Retiring head of Krone aftersales lauds merits of parts and service
The parts and service arm of any manufacturing business is often considered rather unglamorous and something of a backwater in a company’s operations.
Despite this ‘worthy but dull’ image, Wolfgang Jung, retiring head of the aftersales operation at Krone in Germany, is adamant that it is vitally important, and that importance is only growing as machinery becomes more sophisticated, and expensive.
Much of Wolfgang’s career was spent with Perkins Engines, and subsequently Caterpillar, before he started with Krone.
This experience encompassed both the agricultural and construction industries, which are often considered allied, yet he sees them as being chalk and cheese from the aftersales perspective.
There are two major differences to be considered, the first is that farming is very seasonal with a frantic harvest window when tremendous pressure tends to be put on suppliers by farmers who, are in turn, under tremendous pressure themselves.
The second is that, generally speaking, construction companies tend to be businesses ran by mangers rather than owner-operators.
There tends to be a more detached view with machines run as economic units, the maintenance and running of which requires planning and timely execution.
Has this been amplified by the increasing complexity of machinery and the advent of electronics?
In an interview with Agriland, Wolfgang harbours little doubt that, over the last five to 10 years, the emphasis on repairing tractors has swung to digital issues and away from mechanical problems.
Home service or specialist technician?
This is where the debate on the ‘right to repair’ rears its head. The argument of the consumer is that ownership confers the right to do as they wish to what is their property.
There is no disagreement on this point, Wolfgang assures us. All the information is there for farmers to repair machines themselves, but in his eyes, they do not usually posses the skills to do so.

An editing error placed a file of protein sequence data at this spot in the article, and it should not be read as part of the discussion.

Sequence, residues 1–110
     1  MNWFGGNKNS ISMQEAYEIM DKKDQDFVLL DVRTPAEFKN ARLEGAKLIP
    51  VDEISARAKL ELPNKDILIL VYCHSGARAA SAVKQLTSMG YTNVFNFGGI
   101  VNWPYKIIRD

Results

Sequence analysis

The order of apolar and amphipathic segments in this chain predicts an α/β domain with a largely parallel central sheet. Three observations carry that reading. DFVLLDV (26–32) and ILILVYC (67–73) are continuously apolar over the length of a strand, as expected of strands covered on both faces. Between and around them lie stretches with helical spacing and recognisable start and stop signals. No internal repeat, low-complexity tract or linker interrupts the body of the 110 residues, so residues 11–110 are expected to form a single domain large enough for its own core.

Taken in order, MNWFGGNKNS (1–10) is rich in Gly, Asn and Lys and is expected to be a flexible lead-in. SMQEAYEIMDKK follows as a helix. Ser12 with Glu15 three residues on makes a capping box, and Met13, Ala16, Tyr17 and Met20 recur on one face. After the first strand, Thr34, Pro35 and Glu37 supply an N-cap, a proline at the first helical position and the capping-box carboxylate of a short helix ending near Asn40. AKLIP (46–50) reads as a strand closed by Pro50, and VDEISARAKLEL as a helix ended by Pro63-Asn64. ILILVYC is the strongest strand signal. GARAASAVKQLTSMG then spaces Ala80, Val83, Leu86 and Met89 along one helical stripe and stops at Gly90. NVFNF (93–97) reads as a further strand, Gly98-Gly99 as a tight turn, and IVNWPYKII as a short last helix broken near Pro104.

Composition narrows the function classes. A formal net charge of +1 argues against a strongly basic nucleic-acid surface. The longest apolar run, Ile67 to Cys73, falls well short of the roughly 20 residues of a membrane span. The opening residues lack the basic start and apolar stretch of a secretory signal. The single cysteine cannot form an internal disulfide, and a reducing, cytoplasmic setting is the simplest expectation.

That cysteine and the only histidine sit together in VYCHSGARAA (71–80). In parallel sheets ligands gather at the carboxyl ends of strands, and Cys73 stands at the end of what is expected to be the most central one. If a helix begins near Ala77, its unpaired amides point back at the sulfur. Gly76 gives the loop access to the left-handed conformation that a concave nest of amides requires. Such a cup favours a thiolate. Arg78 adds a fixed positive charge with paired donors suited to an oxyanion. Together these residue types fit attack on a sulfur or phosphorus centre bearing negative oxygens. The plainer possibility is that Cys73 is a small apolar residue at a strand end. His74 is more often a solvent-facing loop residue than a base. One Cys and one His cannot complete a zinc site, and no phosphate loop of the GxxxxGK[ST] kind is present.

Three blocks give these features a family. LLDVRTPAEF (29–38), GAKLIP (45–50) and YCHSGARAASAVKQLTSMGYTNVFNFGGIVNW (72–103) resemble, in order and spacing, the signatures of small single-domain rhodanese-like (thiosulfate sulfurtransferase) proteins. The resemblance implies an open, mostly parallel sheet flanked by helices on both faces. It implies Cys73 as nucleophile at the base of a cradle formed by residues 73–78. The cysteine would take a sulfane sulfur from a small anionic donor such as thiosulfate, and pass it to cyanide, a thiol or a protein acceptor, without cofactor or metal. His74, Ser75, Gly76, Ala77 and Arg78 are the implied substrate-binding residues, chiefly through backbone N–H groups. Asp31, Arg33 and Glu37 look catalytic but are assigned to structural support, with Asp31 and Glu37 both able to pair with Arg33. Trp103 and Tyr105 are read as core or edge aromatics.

“Customers could fix a high proportion of mechanical problems, but electronic problems need diagnosis and understanding of its architecture,” he explained.
This diagnosis requires new skill sets, and “a new service level and depth of training in the technicians”, he added.
Where electronic problems are concerned, he describes the need for those working on these issues, whatever the type of machine, to achieve a “critical mass of knowledge and experience”.
This is obviously easier for a dealership to acquire, as it is their job to work with the equipment on a daily basis.
The farmer, with just one or two machines on the farm, will not be able to assimilate the skills needed to service the machines properly, thus greater reliance on the dealer will become necessary, if not always welcome.
Dealers, in turn, will need to provide a higher level of service and this is will very much depend on how well they are managed.
“Dealers need to be organised” he notes, adding that there is room for improvement in many.
And it is not a question of size – smaller dealers can be as good as any if they have the enthusiasm. “Bigger may not be the best,” he added.
Supporting dealers is essential
Faced with the increasing complexity of machines, a complexity that has brought great gains in efficiency, dealers have to focus on providing value for money.
The importers have to be as good as we are at the factory. It is my objective to ensure they have the knowledge, ability and know-how to service the machines we sell. We succeed or fail together,” Wolfgang said.